For general information about the country profiles click here.
HDI ranking: 146/187
HDI score: 0.515
Bangladesh has gained momentum in participatory local governance development over recent years. The country was established as a parliamentary democracy, but then was under military rule until 1991 when a democratically elected government was reinstated. Fluctuating regime, party, and caretaker government control have led to a series of local government system reforms with greater success in recent years to create deeper participatory local governance. Recent reforms of 2011 introduced mandatory mechanisms for citizen participation in local government. This included citizen charters, ward assemblies, five-year plans and the right to information (LGA, 2009).
Local governance at a glance
- The country is broken into 64 administrative districts, or zilas, under which local government is divided into rural, urban, and hill districts (CLGF, 2011).
- Bangladesh has a four-tiered structure of governance:
- 7 regions (appointed)
- 64 zila parishads, or districts (appointed)
- 484 upazilas, or sub-district bodies (indirect elections), and
- 4,451 union parishads, or village clusters, (elected) of 9 wards (CLGF, 2011).
- The ten largest urban areas are administered as city corporations and 310 other urban municipalities are administered as paurashavas (CLGF, 2011).
- Members of the zila parishads are elected by an electoral college; five seats are reserved for women. There are also reserved seats for women in urban units, for which mayors and councilors are directly elected. Members of the upazila and union parishads are also directly elected. (CLGF, 2011).
- The Local Government Division within the Ministry of Local Government and Rural Development and Cooperatives is responsible for all local governments. The only exception is the hill district parishads, for which the Ministry of Hill Tract Affairs is responsible (CLGF, 2011).
- Three directly elected women’s seats, each representing one of three wards, are added to each union parishad (Quota Project, 2014).
Civil society actors include
- The Bangladesh Rural Advancement Committee (BRAC) was started as a relief operation in a rural Bangladeshi village in 1972 and has grown to be a large-scale development organization that works to organize and empower poor populations through using their communities’ own human and material resources. The BRAC seeks to build sustainable, social, accountability mechanisms through its Active Citizens and Accountable Local Government (ACALG) project. It works toward citizen participation, improvements in capacity of local government representatives, and increasing engagement between civil society, local government and the media (BRAC, 2013).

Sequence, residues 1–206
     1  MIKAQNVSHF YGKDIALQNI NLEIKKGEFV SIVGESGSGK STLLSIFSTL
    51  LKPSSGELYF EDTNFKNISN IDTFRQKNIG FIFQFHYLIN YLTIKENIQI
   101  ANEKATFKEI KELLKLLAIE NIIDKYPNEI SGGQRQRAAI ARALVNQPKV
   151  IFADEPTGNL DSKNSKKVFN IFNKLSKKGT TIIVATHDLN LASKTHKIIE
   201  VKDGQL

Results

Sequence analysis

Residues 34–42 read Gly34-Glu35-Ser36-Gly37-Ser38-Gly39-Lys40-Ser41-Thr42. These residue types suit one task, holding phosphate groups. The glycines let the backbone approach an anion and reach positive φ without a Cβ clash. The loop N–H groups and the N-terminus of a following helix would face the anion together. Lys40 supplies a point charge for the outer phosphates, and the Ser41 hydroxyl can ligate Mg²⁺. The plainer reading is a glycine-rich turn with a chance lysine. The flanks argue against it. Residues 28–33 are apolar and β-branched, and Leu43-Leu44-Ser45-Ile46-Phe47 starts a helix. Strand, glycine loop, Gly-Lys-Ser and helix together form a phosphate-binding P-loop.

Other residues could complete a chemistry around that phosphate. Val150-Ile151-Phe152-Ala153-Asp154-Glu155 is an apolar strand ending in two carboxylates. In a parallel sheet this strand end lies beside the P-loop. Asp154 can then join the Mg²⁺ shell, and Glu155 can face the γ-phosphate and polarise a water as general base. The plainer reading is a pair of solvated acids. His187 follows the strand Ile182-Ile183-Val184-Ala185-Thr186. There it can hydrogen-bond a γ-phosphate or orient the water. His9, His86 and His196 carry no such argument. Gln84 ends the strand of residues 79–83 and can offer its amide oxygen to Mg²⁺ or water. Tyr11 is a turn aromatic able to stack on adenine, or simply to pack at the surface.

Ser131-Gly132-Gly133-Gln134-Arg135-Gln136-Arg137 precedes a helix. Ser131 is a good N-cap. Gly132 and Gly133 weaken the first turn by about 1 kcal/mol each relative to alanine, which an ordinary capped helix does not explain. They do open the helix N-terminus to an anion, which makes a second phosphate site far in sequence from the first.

- SHUJAN, facilitated by The Hunger Project, is “organized at both the national and district levels to press for policy reforms to reduce corruption and strengthen local democracy” (THP, n.d.).
- Trinamul Unnayan Sangstha is an organization working for community development specifically assisting the disadvantaged and marginalized communities of the Chittagong Hill Tracts in Bangladesh. With support from the UN Democracy Fund, TUS conducted the Strengthening Ethnic Communities’ Access to Information in Bangladesh project that aimed to increase the population of Chittagong Hill Tracts’ access to information regarding public services offered by their local governments and increase active participation in the governance process (TUS, 2013).
Capacity building institutions
- The Association of Union Parishads, the Association of Upazila Chairmen, and the Association of Pourashava Mayors provide support to the chairpersons of union parishads, upazila parishads, and pourashavas regarding the rights and privileges associated with their positions (CLGF, 2011).
- The National Institute of Local Government trains elected and appointed local government officials from rural and urban areas and facilitates interaction between government officials and local government bodies (NILG, 2012).